"I think these issues are simply too important to the future of the nation for us to operate as though those of us who disagree somehow shouldn't speak out and be heard," our Dick Cheney told Sean Hannity the other night. "I thought the Tea Parties were great, " he volunteered. "I think that when you get that kind of grassroots sentiment being expressed — thousands of people, hundreds of thousands of people all across the country — that will have an impact on Capitol Hill. It will have an impact, I think, on the political process, and it's basically a healthy development." A refreshing contrast to WH adviser David Axelrod's nasty and unfounded insinuation that our perfectly lawful dissent "can mutate into something that's unhealthy."
"Get your history straight, cut down on the pretentious vocabulary and stop sounding so superior," writes commenter David Lott in a brilliant fisking of that intellectually bankrupt Harvard Crimson Tea Party editorial we flogged blogged here yesterday. For the tribes of history-challenged opinionators who don't seem to have the time or inclination to get their facts straight, Lott's concise history lesson should be a must-read:
The original Tea Party wasn't spontaneous either …
The original tea party had a bit of excess rhetoric too, plus dressing as Indians and destroying British property. And the Royalist reaction of the British was not unlike the Crimson's in its underestimation, mistrust and attitude of superiority.
"The Royalist reaction." That's it! The Rahm-Emanuel-choreographed reaction of White House and media allies to the Tea Party phenomenon — like their earlier Alinskyesque jihad against Rush Limbaugh — is the modern-day equivalent of the reaction of American colonists loyal to Great Britain to the upstart Patriots: "Underestimation, mistrust and [an] attitude of superiority."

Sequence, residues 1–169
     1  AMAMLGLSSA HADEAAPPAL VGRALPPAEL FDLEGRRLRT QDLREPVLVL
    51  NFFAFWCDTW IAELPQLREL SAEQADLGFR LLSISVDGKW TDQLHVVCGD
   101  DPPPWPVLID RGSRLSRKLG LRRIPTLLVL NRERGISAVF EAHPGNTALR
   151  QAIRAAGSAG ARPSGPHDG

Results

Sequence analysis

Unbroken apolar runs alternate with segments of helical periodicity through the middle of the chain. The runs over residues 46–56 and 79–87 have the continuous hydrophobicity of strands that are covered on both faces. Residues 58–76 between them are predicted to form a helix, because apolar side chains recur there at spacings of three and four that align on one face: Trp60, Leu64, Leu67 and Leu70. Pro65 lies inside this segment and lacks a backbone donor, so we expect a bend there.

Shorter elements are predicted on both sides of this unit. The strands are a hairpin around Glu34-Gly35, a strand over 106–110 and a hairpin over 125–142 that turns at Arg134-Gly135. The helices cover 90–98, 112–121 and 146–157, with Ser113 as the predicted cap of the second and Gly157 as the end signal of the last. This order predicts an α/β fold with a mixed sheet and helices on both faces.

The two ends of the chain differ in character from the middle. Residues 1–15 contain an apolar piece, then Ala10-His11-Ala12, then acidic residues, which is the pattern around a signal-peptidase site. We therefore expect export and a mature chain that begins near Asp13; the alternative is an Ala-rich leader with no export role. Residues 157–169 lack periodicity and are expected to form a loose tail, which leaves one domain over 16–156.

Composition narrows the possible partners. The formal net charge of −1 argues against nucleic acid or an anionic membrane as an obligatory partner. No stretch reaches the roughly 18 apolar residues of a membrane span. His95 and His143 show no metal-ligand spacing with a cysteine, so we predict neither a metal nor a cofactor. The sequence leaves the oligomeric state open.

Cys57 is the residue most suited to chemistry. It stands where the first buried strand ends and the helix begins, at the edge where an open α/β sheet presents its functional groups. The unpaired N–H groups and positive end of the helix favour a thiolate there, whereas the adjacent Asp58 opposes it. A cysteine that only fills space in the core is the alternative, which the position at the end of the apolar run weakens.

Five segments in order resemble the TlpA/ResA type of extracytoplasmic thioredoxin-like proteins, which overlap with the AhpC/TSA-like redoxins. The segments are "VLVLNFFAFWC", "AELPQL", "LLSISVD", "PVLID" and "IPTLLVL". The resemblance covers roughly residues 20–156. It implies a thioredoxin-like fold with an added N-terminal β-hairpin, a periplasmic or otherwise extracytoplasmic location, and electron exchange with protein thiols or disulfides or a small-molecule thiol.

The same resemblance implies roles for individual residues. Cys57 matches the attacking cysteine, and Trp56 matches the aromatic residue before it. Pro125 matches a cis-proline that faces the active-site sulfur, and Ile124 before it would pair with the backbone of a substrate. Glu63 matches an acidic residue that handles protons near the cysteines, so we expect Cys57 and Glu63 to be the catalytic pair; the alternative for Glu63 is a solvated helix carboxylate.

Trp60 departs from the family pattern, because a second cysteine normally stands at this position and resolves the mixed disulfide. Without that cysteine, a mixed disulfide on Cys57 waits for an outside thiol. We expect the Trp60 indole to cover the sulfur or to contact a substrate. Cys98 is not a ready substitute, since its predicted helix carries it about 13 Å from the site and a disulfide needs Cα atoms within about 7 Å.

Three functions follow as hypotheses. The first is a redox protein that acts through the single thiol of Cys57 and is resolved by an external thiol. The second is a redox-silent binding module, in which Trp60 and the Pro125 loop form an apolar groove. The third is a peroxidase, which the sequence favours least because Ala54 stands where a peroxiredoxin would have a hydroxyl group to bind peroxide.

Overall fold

The 18th-Century Pats believed, as John Adams wrote, that "Children should be educated and instructed in the principles of freedom." But in the wake of the 20th-Century Gramscian march through the institutions, promulgated through the insidious propagandizing of future teachers by "critical pedagogy" proselytizers like President Obama's old pal Bill Ayers, all too many children of the 21st-Century — even some of the best and the brightest who sit on the editorial board of the Harvard Crimson — don't seem to understand the fragility of this thing that is their birthright. In Ben Franklin's words, oft quoted here, "A republic, madam, if you can keep it."
Update: "It’s your must-read article of the day, so what are you waiting for?" blogs fellow Boston Tea Partier Stoutcat of Grand Rants:
Sissy weaves a wonderful web involving Dick Cheney, the recent round of Tea Parties, and the Harvard Crimson’s imitation of Thurston Howell III ["a stereotypical member of the Northeastern White Anglo-Saxon Protestant Yankee elite" in the Sixties sitcom Gilligan's Island] as they reported on the Tea Parties.
That Thurston Howell III reference is inspired!